Lampoon keeps SLC laughing

Photo credit: Nahome Diribssa ‘17

Photo credit: Nahome Diribssa ‘17

Photo credit: Nahome Diribssa ‘17

Photo credit: Nahome Diribssa ‘17

If you enjoy laughing and have a love for comedy, there is no doubt that you are familiar with Sarah Lawrence's Lampoon troupe. The group specializes in sketch writing and improvisation, and has been making quite a name for itself both on and off campus. 

Lampoon meets once a week as a class taught by active comedian Keisha Zoller. "It's structured like a UCB class, with a warm-up, with a 10-minute break in the middle [of class], and then if there is a show coming up, we rehearse for that show," said Isabella 'Izzy' Roland (‘16). "Otherwise, we practice new [comedic] forms, or new improv skills, even sketch lab!" Many 'Pooners have noted that the class is highly resourceful as well. According to Maxwell Hegley (‘15), "Once a semester, we have 'Industry Day', where everyone sits in a circle, and we ask Keisha for 3 hours about comedy, acting, living in New York, etc." 

When the group was asked about Zoller herself, they all gushed with praise. "She's just awesome," says Charlotte Cwikolski (‘15). "You want to impress [her]," echoed Maddie Fischer (‘15). Zoller is the head of the UCB Training Center Diversity Program, where many 'Pooners have taken classes and worked as interns. She has given talks and participated in panels concerning race in the comedy industry, and works actively to ensure that scholarship money is given to up-and-coming comedians from minority backgrounds. 

SLC Lampoon is a group that has been on the rise for the past few years, going from a rarely-advertised club to a very cohesive, highly-entertaining, award-winning campus organization. Speaking about his freshman year on the troupe, Patrick Vermillion (‘15) said, "It was pretty shitty.” He continued to elaborate on how they would have a maximum of about 30 people show up to the shows. He also admitted that, in the past, tensions were present. Sam Henneberry (‘15) explained, "There was less comedy and more drama". 

However, things changed as the group began to take things more seriously. And as they took charge, they began putting together better sketches and increasing the number of shows that they did per semester (sometimes at the behest of the Theatre Department's ever-ambitious Christine Ferrell). The comedic experience of the group members also changed. When doing these interviews, there was a sense that many of them have spent half their lives constantly fine-tuning their craft. Along with UCB classes, some of them of have taken acting classes, performed high school comedy, joined other comedy troupes, and more.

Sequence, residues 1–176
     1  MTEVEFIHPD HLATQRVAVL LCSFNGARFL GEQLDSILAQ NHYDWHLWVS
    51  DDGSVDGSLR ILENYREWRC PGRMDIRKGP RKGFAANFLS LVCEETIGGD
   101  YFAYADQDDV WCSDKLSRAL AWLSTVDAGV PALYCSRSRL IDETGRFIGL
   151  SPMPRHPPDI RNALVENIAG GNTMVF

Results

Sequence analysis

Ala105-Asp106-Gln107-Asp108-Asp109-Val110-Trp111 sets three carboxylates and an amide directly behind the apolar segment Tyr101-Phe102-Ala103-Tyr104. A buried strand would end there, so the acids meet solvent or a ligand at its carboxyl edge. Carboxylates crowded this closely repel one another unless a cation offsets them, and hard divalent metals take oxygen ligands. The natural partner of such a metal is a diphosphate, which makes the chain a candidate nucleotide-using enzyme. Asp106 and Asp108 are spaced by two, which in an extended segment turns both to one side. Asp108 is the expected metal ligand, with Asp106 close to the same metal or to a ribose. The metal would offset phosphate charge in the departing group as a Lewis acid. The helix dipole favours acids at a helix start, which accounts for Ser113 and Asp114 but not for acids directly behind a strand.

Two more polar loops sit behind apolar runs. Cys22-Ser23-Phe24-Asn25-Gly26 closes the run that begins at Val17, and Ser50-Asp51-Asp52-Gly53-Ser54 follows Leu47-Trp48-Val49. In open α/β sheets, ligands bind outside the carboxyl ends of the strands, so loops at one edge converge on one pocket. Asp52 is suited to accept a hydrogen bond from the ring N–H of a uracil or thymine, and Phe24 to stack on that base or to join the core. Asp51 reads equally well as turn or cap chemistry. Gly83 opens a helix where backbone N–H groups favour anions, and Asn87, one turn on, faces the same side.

When asked about her experience, Roland says that she attended art school to get an idea about the level of experience some of the members have had. However, the Lampoon troupe wants to ensure that it invites people from all backgrounds to audition, and that they more focus on who can contribute to the group as a whole. 

One of the things that makes the troupe so entertaining is the bond that members of the group have with one another, which came as a surprise to the troupe, considering that they were just looking for talent and funny personality. However, they have bonded really well, which has come in large part from the touring they have done. The troupe just started touring this year, and they have already gone to places like Amherst College, Suffolk University and Harvard University. They will also be going to Chicago during spring break to participate in the College Improv Tournament National Championships. 

Despite their many off-campus trips, the group is grateful for their fans at home. "Our school rocks!" said newcomer Kathleen Yates (‘17).The troupe really appreciates getting to perform on home territory after they’ve been away.  Hegley said that the SLC student body is “the heart and soul of this team.”

The Lampoon troupe will be performing here at SLC on Friday, March 6 with Trike, an incredibly hot comedy troupe who have made NYC their stomping ground with their own unique brand of seamless improv. That will be their last performance before going to Nationals in Chicago over spring break on March 14.

by Nahome Diribssa ’17
ndiribssa@gm.slc.edu

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The Phoenix is a non-profit, student-run publication representing the voices and opinions of Sarah Lawrence College community members. Our print edition publishes bi-weekly on Tuesdays, and our online edition is updated multiple times per week. Anyone may attend our open meetings at 9:00 PM on Wednesday nights in the North Room of the Pub.